The other day I received an email from a very experienced beekeeper/bee remover named Lothar who’s a long time member of the Santa Clara Bee Guild, San Mateo Bee Guild, and a few others. He has been doing cutouts and bee removal for years and he asked me if I would like to receive referrals from him as he’s often quite busy with other removal jobs. I quickly accepted his offer and here’s the first referral from a fellow beekeeper.
I visited Karen this afternoon with my dad and 2 year old son who was asleep in the minivan while we checked out the bee colony. Karen has a wonderful property in Palo Alto and what’s more incredible is her yard. It’s like Karen planted everything for the bees, a perfect apiary as she has many citrus trees, apricot, and other fruit trees that honey bees just love. Near her front door as I walked up, I noticed a long row of very healthy and blooming lavender plants and it was covered with honey bees. These lavender plants were about 10-15 feet away from where the wild colony lives. What a short trip for them to collect nectar and pollen, all from Karen’s own yard.
Anyways, back to the feral colony of honey bees. There’s a Yucca tree along the pathway from the driveway to the front door. The tree is in great position but the bad part is the bees’ flight path is ground level and up, and if you were to walk to the front door, you’ll walk right into the flight path perpendicular to the bees. Not an ideal position at all for the bees or the family and visitors. From what Karen told me there used to be a hive inside the hollowed trunk, but at that time the hole was much smaller and a beekeeper removed that one fairly easily. I can see cement covering the old hole. Now, it’s a whole different story. The trunk has split open and as you can see from the picture it’s wide open. The bees are now below ground and into the root system of the Yucca tree. I can see one large hole going right under my feet but didn’t notice any bees moving in and out from there. Maybe that hole was dug up by skunks or squirrels at some point. Into the trunk and to the lower right, that’s where the bees are living. I brought a stick with me and poked into the hole and it was at least 2 feet deep, and not knowing if it turned or not and how far it spreads.
So this bee removal is not going to be a simple one at all. Trapout is not an option as the hole is way too large and even if you were to trap out, you would have to find a nice way to seal it up so no further swarms would move in.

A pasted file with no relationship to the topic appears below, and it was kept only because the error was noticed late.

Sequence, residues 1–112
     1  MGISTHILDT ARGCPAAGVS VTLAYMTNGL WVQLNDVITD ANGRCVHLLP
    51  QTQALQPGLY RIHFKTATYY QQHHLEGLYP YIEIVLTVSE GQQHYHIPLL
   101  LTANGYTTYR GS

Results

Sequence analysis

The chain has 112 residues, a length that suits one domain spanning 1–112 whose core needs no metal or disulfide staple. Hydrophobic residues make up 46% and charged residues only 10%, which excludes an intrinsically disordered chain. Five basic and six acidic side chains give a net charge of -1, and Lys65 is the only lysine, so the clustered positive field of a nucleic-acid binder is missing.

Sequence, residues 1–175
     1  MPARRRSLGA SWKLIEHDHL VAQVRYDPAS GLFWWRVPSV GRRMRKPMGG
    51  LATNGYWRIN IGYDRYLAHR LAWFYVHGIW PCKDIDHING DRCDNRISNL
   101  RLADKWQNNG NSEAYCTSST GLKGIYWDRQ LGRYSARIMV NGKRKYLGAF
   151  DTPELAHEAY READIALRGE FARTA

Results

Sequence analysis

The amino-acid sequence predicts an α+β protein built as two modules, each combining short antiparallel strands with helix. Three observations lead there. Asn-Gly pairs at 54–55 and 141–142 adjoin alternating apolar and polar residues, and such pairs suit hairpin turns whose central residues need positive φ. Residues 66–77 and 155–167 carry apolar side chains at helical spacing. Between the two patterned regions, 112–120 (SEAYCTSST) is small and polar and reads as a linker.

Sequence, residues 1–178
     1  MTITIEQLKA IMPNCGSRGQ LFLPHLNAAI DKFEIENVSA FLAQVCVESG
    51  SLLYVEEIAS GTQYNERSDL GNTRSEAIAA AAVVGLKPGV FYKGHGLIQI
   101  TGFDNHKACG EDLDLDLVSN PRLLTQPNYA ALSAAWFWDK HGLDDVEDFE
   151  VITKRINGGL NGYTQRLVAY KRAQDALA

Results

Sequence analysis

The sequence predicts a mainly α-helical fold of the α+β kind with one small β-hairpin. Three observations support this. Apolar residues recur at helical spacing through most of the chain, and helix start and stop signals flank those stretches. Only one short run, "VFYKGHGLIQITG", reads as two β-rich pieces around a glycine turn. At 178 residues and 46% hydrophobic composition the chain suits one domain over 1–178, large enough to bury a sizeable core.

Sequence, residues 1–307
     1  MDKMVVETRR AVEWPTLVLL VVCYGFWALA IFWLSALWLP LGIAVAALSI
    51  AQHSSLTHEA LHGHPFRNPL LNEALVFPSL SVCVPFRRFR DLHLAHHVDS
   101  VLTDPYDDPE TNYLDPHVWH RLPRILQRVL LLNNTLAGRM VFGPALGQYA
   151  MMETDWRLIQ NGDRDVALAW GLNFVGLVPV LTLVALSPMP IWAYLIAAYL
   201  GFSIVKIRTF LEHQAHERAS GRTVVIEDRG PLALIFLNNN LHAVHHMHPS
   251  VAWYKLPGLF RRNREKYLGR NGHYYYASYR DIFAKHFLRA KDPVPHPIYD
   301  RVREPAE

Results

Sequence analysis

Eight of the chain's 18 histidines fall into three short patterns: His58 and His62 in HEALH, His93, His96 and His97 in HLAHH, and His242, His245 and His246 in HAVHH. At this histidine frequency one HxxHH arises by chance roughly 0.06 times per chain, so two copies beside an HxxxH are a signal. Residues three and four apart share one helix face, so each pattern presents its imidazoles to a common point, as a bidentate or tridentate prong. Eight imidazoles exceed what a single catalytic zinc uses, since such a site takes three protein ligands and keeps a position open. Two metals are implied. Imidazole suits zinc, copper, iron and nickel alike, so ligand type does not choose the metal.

So here’s how I would tackle this bee removal and still save as many bees as possible. Day 1 I would start by vacuuming as many bees as possible. Or actually… the night before Day 1 I would try to vacuum the bees because evening I can probably suck up more bees as they are all home. Good thing is my dad lives just a few exit away off of 101 from Karen, and I live in Los Altos which is still close enough to make multiple site visits to get the job done right. Ok, pre-Day 1 get as many bees as possible. Then Day 1 I would again start vacuuming as many bees as possible during morning. Then start cutting the Yucca tree from top down. Hopefully I can reach ground level on Day 1. Day 2 will require careful cutting of the base of the tree to gain access to the bee colony. Again while this is happening the bee vac will be on and my dad would be collecting the bees. Cutting and digging would be involved with this bee removal, all manual labor and it’s July and in a full bee suit temperatures are going to be reaching 90-100F inside the suit, not an ideal situation being in full sun without shade. We will remove as many bees as possible and hopefully reach the combs. Probably won’t be able to save any brood and might not even catch the queen in this cutout but the bees we vacuum into the bee vac we will combine them with existing hives that I have in Mountain View and Los Altos. This bee removal will take at least two days, and like any cutouts or bee removals, there’s still a lot of unknowns until you start the job and get deeper into the structure.
Anyways, if I do get this job you can be sure I’ll be taking a lot of photos during this cutout to share with everyone. Stay tuned!